Making Progress: The Missing Link Between Management and Employees
I'm always looking for what motivates people to do good work, because I think that it can make us all happier in the workplace. A recent Harvard Business Review worker-motivation survey came up with some great insights.
The study asked 600 managers from varying industries what they thought motivated their workers the most. They were given five options:
- interpersonal support
- support for making progress
- clear goals
Their #1 answer was "recognition." Before I tell you the results on the worker side, take your pick on what makes "a great workday" for you.
Researches analyzed more than 12,000 worker diary entries and there was a clear winner: making progress. On over 76% of "great work days," employees made a reference to making progress — far more than any other factor. Does the answer surprise you a bit?
The Lazy Worker Stereotype
The "progress" finding might prove a bit surprising because a perception exists that many workers, given the opportunity to slack off, will do so. This common misconception often lead to misguided incentive plans.
Americans aren't lazy. We want to earn our keep. And management wants us to earn our keep as well (so they can earn theirs). It's the common ground — the missing link, if you will — to a super productive workplace.
If an organization can work with its employees to remove roadblocks instead of creating new ones and help employees outline and achieve clear objectives, then they are likely to have a very inspired work environment.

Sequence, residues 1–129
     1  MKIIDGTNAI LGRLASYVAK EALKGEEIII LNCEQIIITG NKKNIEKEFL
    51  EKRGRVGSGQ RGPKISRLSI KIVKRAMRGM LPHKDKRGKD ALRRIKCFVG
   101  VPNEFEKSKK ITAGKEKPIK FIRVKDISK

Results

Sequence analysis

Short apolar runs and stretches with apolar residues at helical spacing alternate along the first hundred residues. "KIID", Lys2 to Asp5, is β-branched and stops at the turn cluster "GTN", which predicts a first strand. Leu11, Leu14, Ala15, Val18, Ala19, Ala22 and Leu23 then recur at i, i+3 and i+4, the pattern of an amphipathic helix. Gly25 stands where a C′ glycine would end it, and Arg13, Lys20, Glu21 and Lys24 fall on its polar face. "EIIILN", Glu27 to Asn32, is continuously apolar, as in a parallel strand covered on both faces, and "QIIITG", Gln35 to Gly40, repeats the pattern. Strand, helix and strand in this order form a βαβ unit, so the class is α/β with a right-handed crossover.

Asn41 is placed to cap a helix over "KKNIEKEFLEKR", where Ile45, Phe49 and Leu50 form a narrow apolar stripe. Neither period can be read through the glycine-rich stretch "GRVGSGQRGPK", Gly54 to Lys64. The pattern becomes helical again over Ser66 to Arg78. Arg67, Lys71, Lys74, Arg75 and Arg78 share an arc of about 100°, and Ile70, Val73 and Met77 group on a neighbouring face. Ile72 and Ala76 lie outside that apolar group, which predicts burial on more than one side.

The Business Review rated the "progress" finding as a "Breakthrough Idea of 2010." All managers and non-managers should take note. It might result in a happier workplace for everyone.
If you're not in management and you're not happy about your current work situation, does "making progress" resonate with you?
If it does, what's next isn't exactly easy. First, you'll have to figure out what roadblocks keep you from more progress in the workplace. Is it something internal that you need to address? Or are there other roadblocks that you need to address with management?
If these roadblocks are factors that are out of your hand, make a list and discuss constructive solutions with key decision-makers. If they are good managers, they should be open to ideas.
If you're the key decision-maker, what can you do to make your employees' jobs easier? Make a list, discuss it with other managers and your employees, and then take the steps necessary to help people get things done.
It may not solve all problems overnight, but it'll put things in motion. And that's what I call "progress."
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